New model may allow authorities to track rate of spread of COVID 19-like diseases

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A representational image showing an infectious COVID-19. — Unsplash/File
A representational image showing an infectious COVID-19. — Unsplash/File

The COVID-19 pandemic encouraged the use of "modelling" to determine the rate of spread and help in effectively assessing predictive and preventive measures. 

Similarly, a new model — combining two classic methodologies — utilised the COVID-19 pandemic data to improve disease prediction.

"SIR" — susceptible, infected and recovered — which explains the movement of an individual from one portion to another.

Paula Moraga and her team from KAUST used a two-step framework allowing them to model data on infected locations over time for different age groups. They integrated the widely used "SIR model and a point process modelling approach on different areas with specific age group contact patterns."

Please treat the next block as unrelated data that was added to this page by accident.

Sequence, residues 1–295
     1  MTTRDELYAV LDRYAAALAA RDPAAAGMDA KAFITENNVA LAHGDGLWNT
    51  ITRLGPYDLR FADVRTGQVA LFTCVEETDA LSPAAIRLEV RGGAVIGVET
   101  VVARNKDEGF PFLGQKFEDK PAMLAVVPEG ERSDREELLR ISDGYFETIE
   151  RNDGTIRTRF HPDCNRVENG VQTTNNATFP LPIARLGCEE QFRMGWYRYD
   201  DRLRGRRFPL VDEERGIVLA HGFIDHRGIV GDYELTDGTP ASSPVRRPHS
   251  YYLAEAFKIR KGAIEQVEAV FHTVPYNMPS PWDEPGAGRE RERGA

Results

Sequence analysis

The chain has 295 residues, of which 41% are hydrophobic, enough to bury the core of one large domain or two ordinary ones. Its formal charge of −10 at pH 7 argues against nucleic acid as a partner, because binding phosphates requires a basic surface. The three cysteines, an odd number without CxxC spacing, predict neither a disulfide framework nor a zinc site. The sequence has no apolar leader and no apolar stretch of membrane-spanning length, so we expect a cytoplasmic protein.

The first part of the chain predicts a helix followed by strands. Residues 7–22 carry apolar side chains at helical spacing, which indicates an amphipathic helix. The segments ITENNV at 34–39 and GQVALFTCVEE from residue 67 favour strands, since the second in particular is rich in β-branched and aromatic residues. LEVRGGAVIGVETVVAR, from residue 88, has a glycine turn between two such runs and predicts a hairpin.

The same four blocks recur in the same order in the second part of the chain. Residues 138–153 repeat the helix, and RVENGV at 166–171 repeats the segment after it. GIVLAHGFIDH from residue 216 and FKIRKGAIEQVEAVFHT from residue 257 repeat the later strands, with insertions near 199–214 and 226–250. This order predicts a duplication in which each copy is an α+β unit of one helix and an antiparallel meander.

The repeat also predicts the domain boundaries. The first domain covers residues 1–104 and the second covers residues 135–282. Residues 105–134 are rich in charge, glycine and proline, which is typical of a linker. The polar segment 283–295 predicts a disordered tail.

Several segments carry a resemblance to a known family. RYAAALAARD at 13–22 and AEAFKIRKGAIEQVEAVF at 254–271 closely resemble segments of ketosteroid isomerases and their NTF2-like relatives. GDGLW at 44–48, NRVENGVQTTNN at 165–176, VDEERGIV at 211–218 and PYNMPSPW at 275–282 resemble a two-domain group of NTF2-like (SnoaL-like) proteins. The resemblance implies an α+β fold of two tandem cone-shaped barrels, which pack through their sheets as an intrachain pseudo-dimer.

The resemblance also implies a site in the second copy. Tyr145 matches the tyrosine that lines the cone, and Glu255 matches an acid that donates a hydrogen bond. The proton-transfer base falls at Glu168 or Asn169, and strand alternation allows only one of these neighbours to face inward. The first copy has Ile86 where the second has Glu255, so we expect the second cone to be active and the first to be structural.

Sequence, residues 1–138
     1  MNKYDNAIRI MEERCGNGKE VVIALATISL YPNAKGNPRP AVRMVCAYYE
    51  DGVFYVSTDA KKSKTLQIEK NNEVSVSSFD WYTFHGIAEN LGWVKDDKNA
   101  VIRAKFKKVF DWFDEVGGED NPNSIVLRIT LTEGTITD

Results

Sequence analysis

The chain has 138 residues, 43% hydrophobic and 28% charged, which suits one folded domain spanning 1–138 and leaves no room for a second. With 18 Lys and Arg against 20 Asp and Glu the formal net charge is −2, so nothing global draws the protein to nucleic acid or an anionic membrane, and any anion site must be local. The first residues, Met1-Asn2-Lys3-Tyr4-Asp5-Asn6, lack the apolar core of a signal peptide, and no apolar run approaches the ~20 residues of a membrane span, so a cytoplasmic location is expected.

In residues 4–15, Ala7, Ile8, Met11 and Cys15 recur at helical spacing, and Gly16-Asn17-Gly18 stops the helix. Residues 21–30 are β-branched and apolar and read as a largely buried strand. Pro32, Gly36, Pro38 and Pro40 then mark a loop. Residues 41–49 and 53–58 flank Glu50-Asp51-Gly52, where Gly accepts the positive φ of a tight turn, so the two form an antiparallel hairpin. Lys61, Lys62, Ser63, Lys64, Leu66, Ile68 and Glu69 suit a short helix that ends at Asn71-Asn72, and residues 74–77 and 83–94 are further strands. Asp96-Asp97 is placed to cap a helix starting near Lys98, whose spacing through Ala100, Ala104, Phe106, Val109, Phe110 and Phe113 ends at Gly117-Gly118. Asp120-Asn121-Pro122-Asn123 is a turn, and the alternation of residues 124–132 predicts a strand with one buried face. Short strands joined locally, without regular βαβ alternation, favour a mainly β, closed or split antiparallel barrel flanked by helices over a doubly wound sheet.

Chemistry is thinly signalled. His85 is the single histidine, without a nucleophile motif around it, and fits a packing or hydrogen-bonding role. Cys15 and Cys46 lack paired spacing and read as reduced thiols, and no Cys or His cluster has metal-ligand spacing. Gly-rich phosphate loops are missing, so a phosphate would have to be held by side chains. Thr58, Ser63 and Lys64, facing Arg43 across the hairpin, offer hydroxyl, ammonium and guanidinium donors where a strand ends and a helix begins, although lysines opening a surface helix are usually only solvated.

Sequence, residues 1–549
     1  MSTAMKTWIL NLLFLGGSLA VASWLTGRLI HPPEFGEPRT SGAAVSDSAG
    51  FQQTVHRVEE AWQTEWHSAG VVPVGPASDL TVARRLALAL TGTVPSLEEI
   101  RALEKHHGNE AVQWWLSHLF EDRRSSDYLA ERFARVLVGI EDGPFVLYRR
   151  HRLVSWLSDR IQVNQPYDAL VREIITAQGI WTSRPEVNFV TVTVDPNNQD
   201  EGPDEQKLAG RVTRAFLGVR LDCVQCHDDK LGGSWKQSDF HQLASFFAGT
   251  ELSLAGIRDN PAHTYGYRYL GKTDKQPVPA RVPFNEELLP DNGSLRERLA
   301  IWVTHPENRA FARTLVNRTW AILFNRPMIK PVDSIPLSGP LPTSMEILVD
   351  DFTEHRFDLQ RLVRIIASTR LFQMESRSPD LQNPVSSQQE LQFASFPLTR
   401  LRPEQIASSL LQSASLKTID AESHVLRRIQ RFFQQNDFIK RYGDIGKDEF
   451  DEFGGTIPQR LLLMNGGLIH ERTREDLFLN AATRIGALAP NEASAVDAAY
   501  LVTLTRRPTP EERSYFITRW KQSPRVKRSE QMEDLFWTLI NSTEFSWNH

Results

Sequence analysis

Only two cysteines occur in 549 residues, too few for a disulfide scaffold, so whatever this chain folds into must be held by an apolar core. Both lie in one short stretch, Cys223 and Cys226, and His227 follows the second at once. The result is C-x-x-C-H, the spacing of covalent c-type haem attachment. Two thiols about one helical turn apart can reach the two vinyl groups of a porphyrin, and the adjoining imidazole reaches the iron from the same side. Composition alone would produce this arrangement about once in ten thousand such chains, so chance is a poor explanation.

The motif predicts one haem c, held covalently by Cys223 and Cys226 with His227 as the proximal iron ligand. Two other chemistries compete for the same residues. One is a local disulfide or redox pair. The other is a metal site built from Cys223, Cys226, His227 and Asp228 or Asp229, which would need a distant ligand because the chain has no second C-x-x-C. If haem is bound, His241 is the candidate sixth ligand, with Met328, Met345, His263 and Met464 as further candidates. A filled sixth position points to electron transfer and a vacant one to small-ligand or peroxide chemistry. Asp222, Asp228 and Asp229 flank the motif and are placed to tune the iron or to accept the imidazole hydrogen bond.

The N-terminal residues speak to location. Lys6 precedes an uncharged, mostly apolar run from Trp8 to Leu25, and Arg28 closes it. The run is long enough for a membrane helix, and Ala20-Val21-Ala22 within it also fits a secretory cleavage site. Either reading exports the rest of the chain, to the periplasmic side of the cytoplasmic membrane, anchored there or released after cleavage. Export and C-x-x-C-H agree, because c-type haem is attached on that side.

André Amaral, the lead researcher believes that their model offers more precise predictions as compared to the previous approaches, adding that "it also accounts for different age classes so we can treat these groups separately, resulting in finer control over the number of infectious cases."

The approach appeared to be promising when they applied it in the case study of COVID-19 infections in Cali, Colombia in making predictions.

Amaral also stated: "The model's features can help decision-makers to identify high-risk locations and vulnerable populations to develop better strategies for disease control."

This model can also be used in understanding and assessment of other infectious diseases such as bird flu, and influenza if it fits their compartment model.

Their model also explains different age groups and their contact patterns which would be helpful for decision-makers to narrow down their focus to a specific age group or an area to prevent the spread of disease without wasting resources and time.

Amaral said that they might extend their approach and use other models instead of SIR. 

"This would allow us to account for different epidemic dynamics and expand the number of scenarios that the model can be used for,” added Amaral.

He further noted: "Finally, to improve the model’s predictive capabilities, we might work on developing ensemble approaches that combine a number of predictions from a number of different models and also account for potential time delays in collecting data.”

He also believes that their model shows the importance of the quality of data relating to different age groups, times and populations which enables them to understand the disease and its remedies to contain or eliminate it from the public.